Sonia Ines Carbonell v. OptumHealth Holdings, LLC et al

Filing 15

ORDER DISMISSING CASE. Court dismisses this action. The Clerk is directed to close this case. The Clerk shall file a copy of this Order in the second case, Case No. 17cv64. The parties are to proceed in the Second Case and this dismissal will not constitute an adjudication on the merits. Signed by Judge Cynthia Bashant on 9/18/2017. (jah)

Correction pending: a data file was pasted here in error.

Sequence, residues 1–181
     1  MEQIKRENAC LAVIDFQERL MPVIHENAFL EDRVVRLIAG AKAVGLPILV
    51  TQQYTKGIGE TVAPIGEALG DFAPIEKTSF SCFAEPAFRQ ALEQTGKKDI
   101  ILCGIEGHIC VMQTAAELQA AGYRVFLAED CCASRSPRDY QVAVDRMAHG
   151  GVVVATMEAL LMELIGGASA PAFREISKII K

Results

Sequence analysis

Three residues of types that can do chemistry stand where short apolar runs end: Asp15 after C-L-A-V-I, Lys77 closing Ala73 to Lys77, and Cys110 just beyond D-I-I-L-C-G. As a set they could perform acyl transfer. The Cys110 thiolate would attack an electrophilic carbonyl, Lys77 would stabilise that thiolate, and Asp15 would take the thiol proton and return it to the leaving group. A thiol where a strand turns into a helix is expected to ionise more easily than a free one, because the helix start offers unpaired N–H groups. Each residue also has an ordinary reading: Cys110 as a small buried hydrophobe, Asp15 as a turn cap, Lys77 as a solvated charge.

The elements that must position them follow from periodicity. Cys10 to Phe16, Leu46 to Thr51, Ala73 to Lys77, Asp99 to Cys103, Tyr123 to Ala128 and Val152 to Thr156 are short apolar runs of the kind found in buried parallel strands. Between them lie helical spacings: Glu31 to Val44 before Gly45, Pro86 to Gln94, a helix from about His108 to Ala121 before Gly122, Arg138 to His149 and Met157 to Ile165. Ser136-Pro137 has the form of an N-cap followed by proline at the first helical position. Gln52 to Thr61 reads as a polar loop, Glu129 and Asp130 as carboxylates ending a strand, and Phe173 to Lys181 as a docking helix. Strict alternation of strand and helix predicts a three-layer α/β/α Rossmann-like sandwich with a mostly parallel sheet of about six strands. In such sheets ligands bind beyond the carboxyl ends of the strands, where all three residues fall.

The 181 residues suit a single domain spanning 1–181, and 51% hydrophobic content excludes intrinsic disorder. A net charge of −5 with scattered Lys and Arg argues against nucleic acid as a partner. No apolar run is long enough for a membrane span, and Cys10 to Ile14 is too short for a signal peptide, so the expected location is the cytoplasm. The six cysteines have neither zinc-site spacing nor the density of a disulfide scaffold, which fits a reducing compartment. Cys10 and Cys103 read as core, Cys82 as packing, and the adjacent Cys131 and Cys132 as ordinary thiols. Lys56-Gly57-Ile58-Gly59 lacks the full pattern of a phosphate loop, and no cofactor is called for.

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1 2 3 4 5 6 7 8 UNITED STATES DISTRICT COURT 9 SOUTHERN DISTRICT OF CALIFORNIA 10 SONIA INES CARBONELL, 11 Case No. 17-cv-00363-BAS-BLM Plaintiff, 12 13 ORDER DISMISSING ACTION v. 14 COUNTY OF SAN DIEGO, et al., 15 Defendants. 16 17 18 In a span of two days, Defendants removed the same state court case to two 19 separate federal district courts. Now, both of the resulting federal cases are pending 20 before this Court. One of them is a doppelgänger. Both cases cannot properly be 21 before this Court. For the reasons explained below, the Court concludes this case is 22 the improper one and dismisses it. 23 I. BACKGROUND 24 A. First Attempt at Removal (Case No. 17-cv-00363) 25 Plaintiff Sonia Ines Carbonell filed suit in San Diego Superior Court against 26 Defendants County of San Diego; TERM; OptumHealth Holdings, LLC; Dr. Sara 27 Maltzman; Dr. Rada West; and Dr. LeAnn Skimming. (Compl., Notice of Removal 28 Ex. A, ECF No. 1-2.) On January 9, 2017, Defendants TERM, Dr. West, and Dr. –1– 17cv0363 1 Skimming attempted to remove this case by filing a notice of removal in the Southern 2 Division of the United States District Court for the Central District of California. 3 (ECF No 1.) The Southern Division of the Central District is located in Santa Ana, 4 California. The Central District’s Southern Division in Santa Ana is, of course, not 5 “the district court of the United States for the district and division within which” 6 Plaintiff’s San Diego Superior Court action was pending before Defendants’ 7 attempted removal. See 28 U.S.C. § 1446(a). 8 The next day, the Clerk of the Court for the Central District issued a “Notice 9 to Filer of Deficiencies in Attorney Case Opening.” (ECF No. 4.) This Notice 10 correctly warned the parties that “the action was removed to the wrong federal court.” 11 (Id.) Several weeks later, the parties filed a joint request to transfer this case to the 12 Southern District of California. (ECF No. 6.) Judge Selna granted the parties’ request, 13 and on February 23, 2017, the case was transferred from the Central District to the 14 Southern District of California and assigned to Judge Miller. (ECF Nos. 9–10.) 15 The parties have not filed anything in this case since it was transferred. 16 Consequently, Judge Miller issued an order to show cause as to why this case should 17 not be dismissed for lack of prosecution. (ECF No. 12.) From this point, the Court 18 will refer to this case as the “First Case.” 19 B. Second Attempt at Removal (Case No. 17-cv-00064) 20 Meanwhile, Defendants tried their luck at another attempt to remove Plaintiff’s 21 case. Two days after their first attempt, Dr. West—with the other Defendants’ 22 consent—filed a notice of removal in the Southern District of California, resulting in 23 what the Court will refer to as the “Second Case.” Carbonell v. County of San Diego, 24 No. 17-cv-00064-BAS-BLM (S.D. Cal. removed Jan. 11, 2017), ECF No. 1. 25 Interestingly, Dr. West’s notice of removal in the Second Case did not mention the 26 First Case already pending in the Central District. See id. 27 Thereafter, while the parties were attempting to transfer the First Case to the 28 Southern District of California, they forged onwards with the Second Case. See –2– 17cv0363 1 Second Case, ECF Nos. 2–31. Plaintiff amended her Complaint, and Defendants filed 2 several motions to dismiss in the Second Case. See generally id. The parties did not, 3 however, file a notice of related case informing the Court of the First Case. See id. 4 Also while the parties proceeded with the Second Case, Judge Miller issued 5 his aforementioned order to show cause in the dormant First Case. Plaintiff then filed 6 an ex parte application in the Second Case to vacate the order to show cause in the 7 First Case and to consolidate the Second Case with the First Case. See Second Case, 8 ECF No. 32. From this ex parte application, the Court learned of the First Case 9 pending before Judge Miller. The Court shortly thereafter accepted transfer of the 10 First Case through the district’s low-number rule.1 Thus, both the First Case and the 11 Second Case are now pending before this Court. 12 13 II. ANALYSIS 14 Under 28 U.S.C. § 1441(a), a defendant may remove to federal court “any civil 15 action brought in a State court of which the district courts of the United States have 16 original jurisdiction.” Removal involves three steps. First, the removing defendant 17 files a notice of removal in the appropriate federal court. 28 U.S.C. § 1446(a). 18 Second, the removing defendant provides written notice of the removal to all adverse 19 parties. Id. § 1446(d). Third, the removing defendant also provides notice of the 20 removal to the clerk of the state court. Id. 21 “If the removal suffers from procedural defects, the plaintiff is responsible for 22 bringing those defects to the attention of the district court in a timely motion to 23 remand.” Polo v. Innoventions Int’l, LLC, 833 F.3d 1193, 1196 (9th Cir. 2016); see 24 also 28 U.S.C. § 1447 (providing a remand motion “on the basis of any defect other 25 than lack of subject matter jurisdiction must be made within 30 days after the filing 26 27 28 1 Although the First Case was filed in federal court before the Second Case, it was assigned a new case number upon being transferred to this district. Hence, the Second Case is the lownumbered case, and the First Case was accordingly transferred from Judge Miller to this Court. –3– 17cv0363 1 of the notice of removal”). Procedural defects that are not raised are generally 2 waived. Id. In contrast, defects in subject matter jurisdiction can never be waived. 3 Kelton Arms Condo. Owners Ass’n, Inc. v. Homestead Ins. Co., 346 F.3d 1190, 1192 4 (9th Cir. 2003). 5 Both attempts at removing Plaintiff’s state court action suffered from defects. 6 In the First Case, Defendants removed the action to the wrong federal district court, 7 which is, surprisingly, not a rare occurrence. See, e.g., Mortensen v. Wheel Horse 8 Prod., Inc., 772 F. Supp. 85, 86 (N.D.N.Y. 1991). 9 In the Second Case, Defendants filed their notice of removal with the 10 knowledge that they had already filed a notice of removal in the Central District of 11 California. “Some cases hold that removal is effective from the time the notice of 12 removal is filed with the federal court.” 14C Wright & Miller, Federal Practice and 13 Procedure § 3736 – Procedure for Removal—When Removal is Effective; Further 14 Proceedings in State Court (2017) (collecting cases); see also Polo, 833 F.3d at 1196 15 (“Removal is a powerful tool: It operates largely automatically in that once a 16 defendant has filed the appropriate notice of removal in the federal district court 17 removal is a fait accompli.”). Under this interpretation, there was no case pending in 18 California state court to remove when Defendants made their second attempt at 19 removal two days after their first attempt. If true, the Second Case—the one the 20 parties have elected to proceed with—is “a case number which houses no actual 21 case.” See Tanzman v. Midwest Exp. Airlines, Inc., 916 F. Supp. 1013, 1017 (S.D. 22 Cal. 1996) (Brewster, J.). 23 Ultimately, however, the Court finds the Second Case is properly before this 24 Court. “[T]he sounder rule, and the one most consistent with the language of Section 25 1446(d) of Title 28, is that removal is not effective until the defendant has taken all 26 the steps required by the federal statute.” 14C Wright & Miller, Federal Practice and 27 Procedure § 3736 – Procedure for Removal—When Removal is Effective; Further 28 Proceedings in State Court (2017); see also 28 U.S.C. § 1446(d) (providing that filing –4– 17cv0363 1 a notice that the case has been removed with the state court clerk “shall effect the 2 removal”). A review of the San Diego Superior Court docket for Plaintiff’s case 3 reveals Defendants completed all of the steps required for removal for one of their 4 removal attempts: the Second Case. They filed an appropriate notice to the San Diego 5 Superior Court on January 12, 2017, reflecting that the case had been removed to this 6 Court and assigned Case No. 17-cv-00064—the Second Case. See Carbonell v. 7 County of San Diego, No. 37-2016-00035961-CU-DF-CTL (Super. Ct. Cal. filed 8 Oct. 13, 2016), ROA No. 9. Defendants did not file a comparable notice for the First 9 Case. Thus, notwithstanding the events described above, the Court concludes the 10 Second Case is properly before this Court. 11 But the Court is still left with the First Case—where Defendants did not 12 complete all of the steps for removal. Their failure to do so constitutes procedural 13 error. Although procedural errors not objected to by Plaintiff are generally waived, 14 both cases cannot go forward simultaneously. Further, because the parties may 15 proceed with the Second Case, and they are actively doing so, the First Case serves 16 no purpose. It is essentially “a case number which houses no actual case.” See 17 Tanzman, 916 F. Supp. at 1017. 18 Confronted with a purposeless case, the Court turns to its inherent powers. 19 Federal courts are vested with inherent powers that include “those which ‘are 20 necessary to the exercise of all others.’” See Roadway Exp., Inc. v. Piper, 447 U.S. 21 752, 764 (1980) (quoting United States v. Hudson, 11 U.S. (7 Cranch) 32, 34 (1812)). 22 Consequently, “[i]t is well established that ‘[d]istrict courts have inherent power to 23 control their dockets’” and dispose of cases when appropriate. See Atchison, Topeka 24 & Santa Fe Ry. Co. v. Hercules Inc., 146 F.3d 1071, 1074 (9th Cir. 1998) (quoting 25 Hernandez v. City of El Monte, 138 F.3d 393, 398 (9th Cir. 1998)). Because the First 26 Case serves no purpose, the Court will exercise its inherent power to control its 27 docket to dismiss and close this case. See id. 28 –5– 17cv0363 1 Accordingly, the Court DISMISSES this action. The Clerk of the Court is 2 directed to close this case. Further, the Clerk shall file a copy of this order in the 3 Second Case—Case No. 17-cv-00064. The parties are to proceed in the Second Case, 4 and this dismissal will not constitute an adjudication on the merits. 5 IT IS SO ORDERED. 6 7 DATED: September 18, 2017 8 9 10 11 12 13 14 15 16 17 18 19 20 21 22 23 24 25 26 27 28 –6– 17cv0363